Hedgie Says Preet Bharara Sent Him to Jail to Advance his Own Career

Hedge fund trader Michael Kimelman says Preet Bharara Sent Him to Jail to Advance his Own Career.

What makes Preet Bharara tick? “Easy headlines” and “brownie points.”

That’s according to 46-year-old Michael Kimelman, who served two years in prison for insider trading after getting caught in a web of prosecutions by the former US Attorney that fixed on convicted kingpin Raj Rajaratnam and his Galleon hedge fund.

Kimelman, whose November 2009 arrest came three weeks after Rajaratnam’s, insists his connection to Rajaratnam was fairly weak: namely, that his colleague Zvi Goffner once worked with Rajaratnam and sometimes traded with him.

In a new book out this month, “Confessions of a Wall Street Insider,” Kimelman details his arrest, conviction and prison sentence. He also harps on the tactics of Bharara who, according to Kimelman, played on the public’s distrust of Wall Street to quickly rack up 80 convictions.

“Top-down, you had the president calling Wall Street ‘fat cats’ — there was significant public anger and you could score political brownie points,” Kimelman, who maintains his innocence, told The Post last week.

He sat for an interview at a spartan Midtown apartment he’s now using as a makeshift office to pursue gigs in real estate and other investments.

Preet Bharara

Bharara, who was the first to broadcast the news that he was fired last week by President Trump, “went for the easy money and easy headlines in insider trading,” Kimelman said.

For example, Kimelman notes how one of his co-defendants, Zvi Goffner — whose guilt Kimelman does not dispute — was said to be nicknamed “Octopussy” in the government documents, despite Kimelman never hearing that nickname in years of working with him.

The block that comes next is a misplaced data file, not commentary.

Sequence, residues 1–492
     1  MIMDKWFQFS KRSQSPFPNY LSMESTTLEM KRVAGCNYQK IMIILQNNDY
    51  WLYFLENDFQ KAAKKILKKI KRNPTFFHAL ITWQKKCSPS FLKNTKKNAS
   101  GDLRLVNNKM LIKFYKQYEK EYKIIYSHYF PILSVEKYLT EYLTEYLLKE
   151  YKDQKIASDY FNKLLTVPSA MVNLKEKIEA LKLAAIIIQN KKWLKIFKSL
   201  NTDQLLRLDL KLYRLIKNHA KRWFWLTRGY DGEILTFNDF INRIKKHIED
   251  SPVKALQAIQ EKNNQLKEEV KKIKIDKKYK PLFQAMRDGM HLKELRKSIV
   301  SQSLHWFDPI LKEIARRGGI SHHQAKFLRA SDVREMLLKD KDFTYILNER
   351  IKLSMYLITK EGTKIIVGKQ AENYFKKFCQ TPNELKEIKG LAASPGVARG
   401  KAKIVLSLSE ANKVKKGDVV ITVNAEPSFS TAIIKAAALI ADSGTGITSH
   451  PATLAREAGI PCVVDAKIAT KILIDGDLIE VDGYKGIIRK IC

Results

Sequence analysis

The government “has to spin a narrative,” Kimelman said, offering that the nickname played better in media than more arcane aspects of high finance.

Kimelman notes that his former colleague, Franz Tudor, sat next to him for a year and a half while wearing a wire as a government informant — yet was never called to the stand in Kimelman’s trial.

“That sort of says that this isn’t such a major conspiracy as you might have thought it was,” Kimelman said.

Indeed, Kimelman says the biggest reason for his conviction was likely his connection, however thin, to the Galleon crowd. His co-defendants meanwhile, used burner phones and paid bribes to get information and make illicit trades.

Kimelman spent nearly two years in the Lewisburg (federal) Penitentiary, which once housed the likes of John Gotti and Jimmy Hoffa. Kimelman’s marriage ended soon after his release.

“Almost no one knows Preet like I do, as almost no one lost more than I did,” Kimelman declared.

Bharara declined to comment.

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